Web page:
The CDC issued a health advisory over recent reports of a multisystem inflammatory syndrome in children (MIS-C) associated with COVID-19 as well as a case definition for this syndrome.
According to the CDC, beginning in April, researchers in the UK identified eight COVID-19-positive children who presented with a severe inflammatory syndrome with Kawasaki disease-like features. One of the children died, the CDC reported.
New York state and city health officials received reports of children with multisystem inflammatory syndrome, with 15 children age 2-15 hospitalized between April 16 and May 4, 2020. As of May 12, a total of 102 patients with similar presentations have been identified.
The agency issued the following case definition for the syndrome:
|Case Definition for Multisystem Inflammatory Syndrome in Children (MIS-C)|
|• An individual aged <21 years presenting with feveri, laboratory evidence of inflammationii, and evidence of clinically severe illness requiring hospitalization, with multisystem (>2) organ involvement (cardiac, renal, respiratory, hematologic, gastrointestinal, dermatologic or neurological); AND|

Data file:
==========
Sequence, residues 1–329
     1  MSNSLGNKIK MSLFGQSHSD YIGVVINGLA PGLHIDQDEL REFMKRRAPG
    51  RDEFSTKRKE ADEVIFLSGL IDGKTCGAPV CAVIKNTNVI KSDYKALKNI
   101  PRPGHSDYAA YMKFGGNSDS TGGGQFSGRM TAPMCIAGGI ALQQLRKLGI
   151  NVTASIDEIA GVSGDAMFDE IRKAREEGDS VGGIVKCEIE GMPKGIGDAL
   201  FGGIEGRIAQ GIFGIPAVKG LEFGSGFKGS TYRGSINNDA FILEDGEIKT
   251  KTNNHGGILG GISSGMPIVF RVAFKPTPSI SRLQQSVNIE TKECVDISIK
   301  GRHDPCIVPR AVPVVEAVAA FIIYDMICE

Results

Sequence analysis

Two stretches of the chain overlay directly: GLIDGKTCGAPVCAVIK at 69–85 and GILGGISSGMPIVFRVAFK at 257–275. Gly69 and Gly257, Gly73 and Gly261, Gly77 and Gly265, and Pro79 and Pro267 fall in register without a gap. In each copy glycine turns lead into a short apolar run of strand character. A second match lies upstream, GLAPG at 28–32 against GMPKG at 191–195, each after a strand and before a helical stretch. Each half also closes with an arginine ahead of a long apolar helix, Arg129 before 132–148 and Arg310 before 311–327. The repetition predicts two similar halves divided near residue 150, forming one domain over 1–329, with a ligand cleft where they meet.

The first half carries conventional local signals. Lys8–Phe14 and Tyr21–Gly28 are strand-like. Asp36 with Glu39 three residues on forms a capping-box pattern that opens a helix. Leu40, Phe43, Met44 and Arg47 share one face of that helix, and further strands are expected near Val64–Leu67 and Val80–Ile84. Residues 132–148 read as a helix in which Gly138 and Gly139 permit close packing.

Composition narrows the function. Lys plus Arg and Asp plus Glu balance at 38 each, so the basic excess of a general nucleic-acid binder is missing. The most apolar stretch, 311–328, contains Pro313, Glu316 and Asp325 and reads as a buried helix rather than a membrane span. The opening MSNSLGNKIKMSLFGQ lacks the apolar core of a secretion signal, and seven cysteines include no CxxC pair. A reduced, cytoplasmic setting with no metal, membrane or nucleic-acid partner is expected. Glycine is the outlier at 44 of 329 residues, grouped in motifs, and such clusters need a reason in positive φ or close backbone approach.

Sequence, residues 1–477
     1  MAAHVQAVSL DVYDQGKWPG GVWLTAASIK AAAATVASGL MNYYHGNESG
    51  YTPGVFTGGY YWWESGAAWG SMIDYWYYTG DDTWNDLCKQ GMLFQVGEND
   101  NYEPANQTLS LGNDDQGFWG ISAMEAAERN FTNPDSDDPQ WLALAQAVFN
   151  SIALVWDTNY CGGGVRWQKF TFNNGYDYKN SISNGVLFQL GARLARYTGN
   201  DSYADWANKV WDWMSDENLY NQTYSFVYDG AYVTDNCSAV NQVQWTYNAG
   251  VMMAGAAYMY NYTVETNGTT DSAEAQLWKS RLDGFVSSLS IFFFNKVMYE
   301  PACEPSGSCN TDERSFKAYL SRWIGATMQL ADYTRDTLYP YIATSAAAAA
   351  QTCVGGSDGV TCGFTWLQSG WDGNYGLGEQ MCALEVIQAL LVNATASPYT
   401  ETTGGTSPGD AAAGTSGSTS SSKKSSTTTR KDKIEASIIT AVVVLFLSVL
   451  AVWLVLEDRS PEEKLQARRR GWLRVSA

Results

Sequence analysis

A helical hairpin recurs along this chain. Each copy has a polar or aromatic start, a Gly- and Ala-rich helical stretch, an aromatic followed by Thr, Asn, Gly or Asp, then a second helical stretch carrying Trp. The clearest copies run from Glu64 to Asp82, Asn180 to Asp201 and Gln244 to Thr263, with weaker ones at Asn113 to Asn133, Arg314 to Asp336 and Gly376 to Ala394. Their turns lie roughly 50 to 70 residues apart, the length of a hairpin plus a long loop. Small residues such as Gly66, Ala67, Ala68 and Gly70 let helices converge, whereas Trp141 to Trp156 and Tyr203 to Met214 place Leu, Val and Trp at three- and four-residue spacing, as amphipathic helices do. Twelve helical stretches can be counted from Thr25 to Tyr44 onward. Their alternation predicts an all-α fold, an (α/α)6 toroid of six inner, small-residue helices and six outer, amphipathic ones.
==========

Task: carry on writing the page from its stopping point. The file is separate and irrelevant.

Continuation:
• No alternative plausible diagnoses; AND
• Positive for current or recent SARS-CoV-2 infection by RT-PCR, serology, or antigen test; or COVID-19 exposure within the 4 weeks prior to the onset of symptoms
|Additional comments: |
•Some individuals may fulfill full or partial criteria for Kawasaki disease but should be reported if they meet the case definition for MIS-C
•Consider MIS-C in any pediatric death with evidence of SARS-CoV-2 infection
iiIncluding, but not limited to, one or more of the following: an elevated C-reactive protein (CRP), erythrocyte sedimentation rate (ESR), fibrinogen, procalcitonin, d-dimer, ferritin, lactic acid dehydrogenase (LDH), or interleukin 6 (IL-6), elevated neutrophils, reduced lymphocytes and low albumin
CDC recommends healthcare providers report any patient who meets the case definition to local, state, and territorial health departments to enhance knowledge of risk factors, pathogenesis, clinical course, and treatment of this syndrome.
Read the full alert at https://emergency.cdc.gov/han/2020/han00432.asp